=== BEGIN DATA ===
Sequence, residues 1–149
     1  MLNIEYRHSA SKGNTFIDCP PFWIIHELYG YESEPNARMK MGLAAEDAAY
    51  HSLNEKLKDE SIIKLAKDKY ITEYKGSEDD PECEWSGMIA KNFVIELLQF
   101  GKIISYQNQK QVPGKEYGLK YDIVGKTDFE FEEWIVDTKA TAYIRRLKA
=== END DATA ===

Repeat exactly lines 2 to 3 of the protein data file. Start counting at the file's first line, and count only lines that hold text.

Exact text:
     1  MLNIEYRHSA SKGNTFIDCP PFWIIHELYG YESEPNARMK MGLAAEDAAY
    51  HSLNEKLKDE SIIKLAKDKY ITEYKGSEDD PECEWSGMIA KNFVIELLQF